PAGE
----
The fun of gaming knows no age limit. A new survey by AARP shows older adults are increasingly playing video games on phones and tablets—most often drawn to classic puzzle, logic, card, and tile games.
AARP’s latest survey on the topic revealed that 44 percent of Americans age 50+ enjoy video games (interactive digital entertainment) at least once a month, up from 38 percent in 2016. That translates into nearly 51 million gamers in 2019 playing an average of five hours a week, compared to 40 million active players three years ago.
Notably, leading drivers of the trend are women; 49 percent of women say they regularly play, compared to just 40 percent of men. And nearly 53 percent of women say they’re daily video gamers compared to 39 percent of men.
Mirroring general shifts in device usage, older Americans are gaming on the go—moving away from computers and laptops (47%) and opting instead to play on their smartphones and tablets (73%).
The Perks of Play
What’s the draw for the 50-plus crowd? Like most gamers, they play games for fun (three out of four older Americans surveyed). Another 57 percent find gaming to be a stress reducer. Staying mentally sharp and challenged are added bonuses more commonly cited among people as they aged.
The survey also looked into the social side of gaming. An overwhelming 92 percent of the time older individuals play video games, they are playing alone. But when they do play in person or online with others, many say it’s more fun (37%) and they like the competition. Four in ten report that they interact socially, engaging in both game and non-game discussions during actual play.
Most of those surveyed who play video games with others are partnering with spouses, children, and grandchildren. As 50-plus gamers become more comfortable with gaming, their kids are having less influence on their gaming patterns and purchases now as opposed to AARP’s survey three years ago.
In recent years, older gamers have made a big economic impact in this entertainment segment. Seniors are spending $3.5 billion in a six month time frame on gaming hardware, content, and accessories, a sharp increase from $523 million in 2016. Over one-third report they constantly try new games and turn to their social networks, ads, and websites for direction. In the last six months, gamers ages 50 and older shelled out $70, on average, with more than half buying games, virtual items, or customizations within games such as avatars and characters. Virtual reality gaming among this age group is less popular, while interest in eSports has increased substantially.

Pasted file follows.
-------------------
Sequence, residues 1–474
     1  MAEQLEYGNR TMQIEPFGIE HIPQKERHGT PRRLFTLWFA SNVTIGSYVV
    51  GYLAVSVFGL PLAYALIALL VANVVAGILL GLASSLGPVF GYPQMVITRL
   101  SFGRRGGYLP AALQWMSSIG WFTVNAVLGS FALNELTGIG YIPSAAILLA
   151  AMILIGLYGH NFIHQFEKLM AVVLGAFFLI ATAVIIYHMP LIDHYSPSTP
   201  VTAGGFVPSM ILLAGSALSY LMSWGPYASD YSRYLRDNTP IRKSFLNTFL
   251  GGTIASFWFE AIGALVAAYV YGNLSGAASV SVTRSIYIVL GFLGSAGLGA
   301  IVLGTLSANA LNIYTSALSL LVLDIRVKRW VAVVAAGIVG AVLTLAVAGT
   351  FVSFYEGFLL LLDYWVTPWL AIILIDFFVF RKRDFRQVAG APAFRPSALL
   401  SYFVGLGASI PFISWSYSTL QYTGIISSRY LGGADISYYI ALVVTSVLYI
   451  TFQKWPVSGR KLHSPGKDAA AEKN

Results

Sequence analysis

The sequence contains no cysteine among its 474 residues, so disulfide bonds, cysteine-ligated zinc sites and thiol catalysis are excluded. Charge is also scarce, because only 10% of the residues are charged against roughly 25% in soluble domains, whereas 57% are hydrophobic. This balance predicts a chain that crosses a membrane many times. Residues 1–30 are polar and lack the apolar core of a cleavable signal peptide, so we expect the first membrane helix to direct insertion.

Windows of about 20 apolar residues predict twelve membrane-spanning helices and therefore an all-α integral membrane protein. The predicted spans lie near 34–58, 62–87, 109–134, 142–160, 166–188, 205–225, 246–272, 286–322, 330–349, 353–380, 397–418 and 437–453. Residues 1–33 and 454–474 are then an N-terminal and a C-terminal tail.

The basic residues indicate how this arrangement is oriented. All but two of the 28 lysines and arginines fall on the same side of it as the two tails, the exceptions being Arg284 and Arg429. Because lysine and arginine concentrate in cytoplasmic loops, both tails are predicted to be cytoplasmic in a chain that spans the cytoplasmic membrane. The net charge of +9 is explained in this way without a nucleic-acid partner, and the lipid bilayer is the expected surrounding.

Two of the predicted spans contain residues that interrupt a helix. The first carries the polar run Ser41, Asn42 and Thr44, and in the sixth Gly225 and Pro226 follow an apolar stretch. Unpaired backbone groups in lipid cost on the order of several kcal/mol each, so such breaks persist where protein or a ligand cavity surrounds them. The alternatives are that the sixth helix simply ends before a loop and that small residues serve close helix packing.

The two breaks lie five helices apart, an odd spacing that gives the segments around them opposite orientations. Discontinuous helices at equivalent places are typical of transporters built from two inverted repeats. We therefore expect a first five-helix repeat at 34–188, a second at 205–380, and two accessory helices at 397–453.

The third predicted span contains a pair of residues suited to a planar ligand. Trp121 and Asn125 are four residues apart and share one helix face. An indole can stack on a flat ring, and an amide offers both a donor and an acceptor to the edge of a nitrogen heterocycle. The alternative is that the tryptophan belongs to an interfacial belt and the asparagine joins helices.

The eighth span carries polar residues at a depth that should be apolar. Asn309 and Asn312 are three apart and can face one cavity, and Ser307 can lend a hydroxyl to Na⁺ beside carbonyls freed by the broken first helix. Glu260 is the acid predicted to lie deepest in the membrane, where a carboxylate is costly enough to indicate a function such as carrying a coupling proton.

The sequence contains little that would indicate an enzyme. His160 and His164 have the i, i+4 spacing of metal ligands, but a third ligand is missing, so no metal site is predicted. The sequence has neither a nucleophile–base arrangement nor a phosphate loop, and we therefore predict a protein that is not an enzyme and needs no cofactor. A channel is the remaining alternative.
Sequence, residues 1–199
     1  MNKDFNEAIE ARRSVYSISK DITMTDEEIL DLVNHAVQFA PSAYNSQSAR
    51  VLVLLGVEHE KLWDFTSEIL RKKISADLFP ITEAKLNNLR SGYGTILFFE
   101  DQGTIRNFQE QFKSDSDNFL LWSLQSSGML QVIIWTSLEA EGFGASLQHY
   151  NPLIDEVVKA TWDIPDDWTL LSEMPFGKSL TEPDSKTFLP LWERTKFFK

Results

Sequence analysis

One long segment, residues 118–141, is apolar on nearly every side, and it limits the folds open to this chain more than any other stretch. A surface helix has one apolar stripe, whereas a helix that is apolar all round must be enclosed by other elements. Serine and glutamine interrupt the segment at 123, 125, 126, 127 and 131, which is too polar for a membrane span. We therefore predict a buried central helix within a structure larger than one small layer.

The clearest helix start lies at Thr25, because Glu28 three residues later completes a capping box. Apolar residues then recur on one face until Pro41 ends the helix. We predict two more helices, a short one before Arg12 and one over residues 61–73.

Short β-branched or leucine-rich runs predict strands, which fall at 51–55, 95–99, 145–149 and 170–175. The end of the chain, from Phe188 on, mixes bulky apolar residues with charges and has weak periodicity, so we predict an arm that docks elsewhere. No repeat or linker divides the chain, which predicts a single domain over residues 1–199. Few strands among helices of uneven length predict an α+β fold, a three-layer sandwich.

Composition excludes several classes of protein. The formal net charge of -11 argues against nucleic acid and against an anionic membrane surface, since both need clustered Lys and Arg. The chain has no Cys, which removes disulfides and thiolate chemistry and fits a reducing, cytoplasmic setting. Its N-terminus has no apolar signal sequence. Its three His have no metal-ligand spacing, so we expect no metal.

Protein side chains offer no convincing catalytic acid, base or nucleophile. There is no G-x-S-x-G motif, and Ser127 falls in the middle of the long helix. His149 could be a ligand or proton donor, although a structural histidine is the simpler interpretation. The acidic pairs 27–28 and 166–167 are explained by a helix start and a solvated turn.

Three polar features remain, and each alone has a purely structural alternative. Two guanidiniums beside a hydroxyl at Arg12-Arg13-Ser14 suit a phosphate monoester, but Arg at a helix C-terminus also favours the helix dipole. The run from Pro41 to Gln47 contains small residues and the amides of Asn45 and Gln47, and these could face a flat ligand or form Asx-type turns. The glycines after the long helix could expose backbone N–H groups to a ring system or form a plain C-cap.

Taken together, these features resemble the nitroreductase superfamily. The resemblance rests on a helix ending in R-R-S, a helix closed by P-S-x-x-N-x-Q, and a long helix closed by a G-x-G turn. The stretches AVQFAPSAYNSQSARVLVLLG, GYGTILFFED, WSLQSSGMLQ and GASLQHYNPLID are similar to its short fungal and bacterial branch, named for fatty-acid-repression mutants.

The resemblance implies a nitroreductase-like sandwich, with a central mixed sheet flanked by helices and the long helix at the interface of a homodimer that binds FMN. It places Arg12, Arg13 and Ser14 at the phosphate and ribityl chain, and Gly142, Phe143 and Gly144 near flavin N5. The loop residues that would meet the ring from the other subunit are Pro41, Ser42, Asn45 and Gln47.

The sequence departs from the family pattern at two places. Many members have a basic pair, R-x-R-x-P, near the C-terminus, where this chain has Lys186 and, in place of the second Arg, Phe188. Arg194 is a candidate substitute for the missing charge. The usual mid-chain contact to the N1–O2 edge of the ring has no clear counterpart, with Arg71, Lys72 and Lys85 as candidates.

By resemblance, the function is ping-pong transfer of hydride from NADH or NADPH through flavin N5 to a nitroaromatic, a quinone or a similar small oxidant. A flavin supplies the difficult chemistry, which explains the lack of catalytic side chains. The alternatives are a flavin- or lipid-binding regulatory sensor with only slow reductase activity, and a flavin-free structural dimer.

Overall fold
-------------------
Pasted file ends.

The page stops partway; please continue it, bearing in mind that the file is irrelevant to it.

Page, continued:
In spite of their embrace of digital, many older Americans still enjoy old-fashioned competition. AARP finds 85 percent of respondents say they continue to play nonscreen games, such as cards and puzzles.
A Snapshot of Gaming
Most older Americans (92%) are playing video games at home and in the evening (57%). Four in ten report self-impose a time limit to keep from overindulging in the entertainment form.
About 55 percent of the AARP survey respondents feel video gaming has a somewhat or very positive impact on their well-being; 40 percent say it has no impact and just 5 percent feel it is negative. More than half of seniors say they would consider trying new games for possible brain health benefits.
Most popular among 50-plus gamers: puzzle and logic games (50%), card and tile games (48%), and trivia, word, and traditional board video games (24%). Only 7 percent are drawn to action or shooter games and 6 percent to racing or sports games. Nontech gamers are most likely to enjoy crosswords, sudoku, solitaire, board games, and card and tile games.
The AARP survey was conducted online among a sample of 3,737 Americans ages 50 and older, including 1,664 gamers who owned a device and played video games at least once a month. The survey conducted in June 2019.
Nelson-Kakulla, Brittne, P.h.D. 2020 Gaming Trends of the 50+. Washington, DC: AARP Research, December 2019. https://doi.org/10.26419/res.00328.001.